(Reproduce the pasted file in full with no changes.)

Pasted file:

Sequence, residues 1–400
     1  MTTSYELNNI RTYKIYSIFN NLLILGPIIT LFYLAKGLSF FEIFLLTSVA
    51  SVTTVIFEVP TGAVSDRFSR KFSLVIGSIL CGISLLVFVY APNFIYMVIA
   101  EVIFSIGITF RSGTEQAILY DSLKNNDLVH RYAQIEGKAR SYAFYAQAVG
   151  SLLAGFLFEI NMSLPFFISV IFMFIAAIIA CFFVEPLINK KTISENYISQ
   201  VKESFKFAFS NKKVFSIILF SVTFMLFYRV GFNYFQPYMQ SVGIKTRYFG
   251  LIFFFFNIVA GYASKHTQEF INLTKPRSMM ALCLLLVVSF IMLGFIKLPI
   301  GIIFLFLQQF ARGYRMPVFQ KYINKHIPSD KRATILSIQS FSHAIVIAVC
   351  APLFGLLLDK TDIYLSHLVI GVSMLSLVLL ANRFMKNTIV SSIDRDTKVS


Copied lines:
Sequence, residues 1–400
     1  MTTSYELNNI RTYKIYSIFN NLLILGPIIT LFYLAKGLSF FEIFLLTSVA
    51  SVTTVIFEVP TGAVSDRFSR KFSLVIGSIL CGISLLVFVY APNFIYMVIA
   101  EVIFSIGITF RSGTEQAILY DSLKNNDLVH RYAQIEGKAR SYAFYAQAVG
   151  SLLAGFLFEI NMSLPFFISV IFMFIAAIIA CFFVEPLINK KTISENYISQ
   201  VKESFKFAFS NKKVFSIILF SVTFMLFYRV GFNYFQPYMQ SVGIKTRYFG
   251  LIFFFFNIVA GYASKHTQEF INLTKPRSMM ALCLLLVVSF IMLGFIKLPI
   301  GIIFLFLQQF ARGYRMPVFQ KYINKHIPSD KRATILSIQS FSHAIVIAVC
   351  APLFGLLLDK TDIYLSHLVI GVSMLSLVLL ANRFMKNTIV SSIDRDTKVS